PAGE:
Following the scattershot political satire of "Postal," "1968 Tunnel Rats" reps another departure for never-say-die multihyphenate Uwe Boll, as it's not based on a vidgame and isn't a fantasy or…
Getting lost inside the decaying mind of a science-fiction novelist isn't the same as getting lost, a critical distinction missed in Matthew Wilder's whirligig "Your Name Here."
Trying to plumb beneath the usual emotional shallows of twentysomething L.A. gay life, "Holding Trevor" sometimes succeeds, but mostly comes off as a vanity project for writer-star Brent Gorski.
A dismally turgid if brightly colored slab of melodrama about a hick from the sticks.
The break-up of an American family is never a pretty sight, and it takes on an especially morose tone in Morgan Dews' "Must Read After My Death."
Three teen girls, all over 18, make the journey from the provinces to Moscow in order to sell or barter the one possession they believe is of any value, their maidenhood.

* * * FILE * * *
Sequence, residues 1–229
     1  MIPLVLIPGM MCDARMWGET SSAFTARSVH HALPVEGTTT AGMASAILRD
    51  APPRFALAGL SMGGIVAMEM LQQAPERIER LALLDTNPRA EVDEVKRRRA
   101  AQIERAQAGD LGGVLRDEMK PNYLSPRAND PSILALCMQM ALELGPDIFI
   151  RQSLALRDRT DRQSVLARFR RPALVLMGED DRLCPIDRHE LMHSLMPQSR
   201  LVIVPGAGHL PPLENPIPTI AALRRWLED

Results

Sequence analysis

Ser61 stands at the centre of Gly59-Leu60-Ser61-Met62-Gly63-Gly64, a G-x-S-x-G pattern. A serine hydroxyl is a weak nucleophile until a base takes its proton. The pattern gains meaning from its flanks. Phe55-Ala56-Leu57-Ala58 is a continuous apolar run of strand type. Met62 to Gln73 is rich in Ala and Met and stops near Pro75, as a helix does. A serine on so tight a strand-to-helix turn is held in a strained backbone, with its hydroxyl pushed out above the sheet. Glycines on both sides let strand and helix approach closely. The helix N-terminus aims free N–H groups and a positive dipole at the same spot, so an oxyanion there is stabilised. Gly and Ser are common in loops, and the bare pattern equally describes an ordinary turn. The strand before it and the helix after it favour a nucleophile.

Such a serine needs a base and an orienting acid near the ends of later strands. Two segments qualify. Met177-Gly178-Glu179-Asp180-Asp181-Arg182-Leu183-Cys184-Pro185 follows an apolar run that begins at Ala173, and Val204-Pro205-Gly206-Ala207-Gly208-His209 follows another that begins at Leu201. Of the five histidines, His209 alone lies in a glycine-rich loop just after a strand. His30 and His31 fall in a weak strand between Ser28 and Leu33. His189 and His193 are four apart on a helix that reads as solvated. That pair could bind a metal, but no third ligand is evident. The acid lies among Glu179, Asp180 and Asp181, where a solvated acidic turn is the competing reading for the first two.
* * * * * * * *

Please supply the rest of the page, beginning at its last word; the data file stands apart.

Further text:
The daily life of ordinary Soviet citizens during the 1950s and '60s is explored in fascinating fashion in "Revue."
Primarily known (where known at all) as a prolific sci-fi author, Samuel R. Delany gets props as a writer in myriad genres, a unique intellect and pretty interesting personality in "The Polymath."
If "Coffee Date" writer-director Stewart Wade's new "Tru Loved" plays like an "Afterschool Special," that may well mean it's fulfilled its function.
A financially strapped door-to-door book salesman turns low-budget filmmaker, with comically disastrous results.
"The Gits" emphasizes legend of its title band and alluring qualities of lead singer Mia Zapata.